For third moves, there are a few basic concepts. First, it rarely makes sense for white to spread itself out too far too early in the game. For the game shown, it would be highly unusual and almost always incorrect for white to choose a 3rd move that is outside the rectangle created by the K and N lines and the 8 and 13 lines. In other words, white's first 3 stones should usually fit inside of a 4x4 grid, unless there is a compelling reason to try something else. Next, at least 2 of white's first 3 stones should form a "potential" -- meaning they should line up so that they can form a 3 on the next move. Potentials can be XX, X_X, or X__X.

So, moving back to the game shown, we can eliminate M13, L12, M9 and L8 since these don't create any potentials. Next, it's usually better if not all 3 stones are 3 spaces apart from each other -- this eliminates K13.

The remaining moves are: N12, M12, M11, L11, K11, N10, M10, L10, M9, K9.

From here you just have to have a sense for which ones are weak in the given situation and eliminate those and evaluate the others one by one by looking ahead at how your opponent is likely to respond. There are many concepts involved in this evaluation that is difficult to write down concisely. White had something specific in mind by choosing K11 -- it actually is not a bad idea, it just didn't work out in this case.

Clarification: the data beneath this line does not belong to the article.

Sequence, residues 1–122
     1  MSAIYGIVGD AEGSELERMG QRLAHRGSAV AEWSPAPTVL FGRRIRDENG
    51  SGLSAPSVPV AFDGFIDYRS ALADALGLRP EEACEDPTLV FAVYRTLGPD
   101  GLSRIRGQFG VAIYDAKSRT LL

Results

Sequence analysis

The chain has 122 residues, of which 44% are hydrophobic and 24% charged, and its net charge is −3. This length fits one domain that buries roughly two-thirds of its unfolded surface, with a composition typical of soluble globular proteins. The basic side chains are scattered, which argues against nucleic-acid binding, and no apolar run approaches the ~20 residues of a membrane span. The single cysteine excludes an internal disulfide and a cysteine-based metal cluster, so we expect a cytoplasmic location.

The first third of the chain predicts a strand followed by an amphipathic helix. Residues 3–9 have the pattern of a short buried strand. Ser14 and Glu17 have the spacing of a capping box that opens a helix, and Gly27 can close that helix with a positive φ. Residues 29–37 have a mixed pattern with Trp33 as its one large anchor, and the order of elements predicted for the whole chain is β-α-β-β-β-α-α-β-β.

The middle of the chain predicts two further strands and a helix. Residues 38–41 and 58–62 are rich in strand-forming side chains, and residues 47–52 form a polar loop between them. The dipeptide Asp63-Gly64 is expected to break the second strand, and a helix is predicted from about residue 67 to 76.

After looking for a bit, I think that a strong choice would be 3. L9.


K10,N8,N11,P10,L9


This does a few things. First, it sets up a cap trade that is favorable to white.


K10,N8,N11,P10,L9,M8,L8,J11,O8


OR


K10,N8,N11,P10,L9,M8,L8,L10,O8,L7


Second, if the pair is attacked but the trade is declined, white has continuation (and victory) with a broken wing shape.


K10,N8,N11,P10,L9,M8,L8,O8,L10,J11,L9,L11,M10


It also creates two potentials (a XX and a X_X) which line up nicely with each other to provide plenty of initiative to win if black ignores it completely and sets up its own building move away from the action. Black does not appear to have options for a building move which also fully counters the lines set up by these potentials.


K10,N8,N11,P10,L9,O9,M7,O12,N7,Q11,R12,L7,O7,M8,N9


OR


K10,N8,N11,P10,L9,O9,M7,P8,N10,M8,Q7,N12,L8


OR


K10,N8,N11,P10,L9,M10,M8,N7,N9,O10,J11,H12,N6,L7,N10


I play this type of move more often than anyone I play against regularly -- both as player 1 and player 2, but for different reasons in each case. It takes a long time and a lot of experience before effectively adding the XX potential to your opening arsenal, especially early in the game and seemingly unprovoked. And especially as player 1, since you'd really rather not have to play a move like this as player 1. But sometimes, it can be the strongest move. This is an example of playing to take the inside position, as I alluded to before. You're sacrificing some structural strength early in order to solidify your position, and to get your opponent further out of position in their responses. Initiative in these types of games comes a bit later.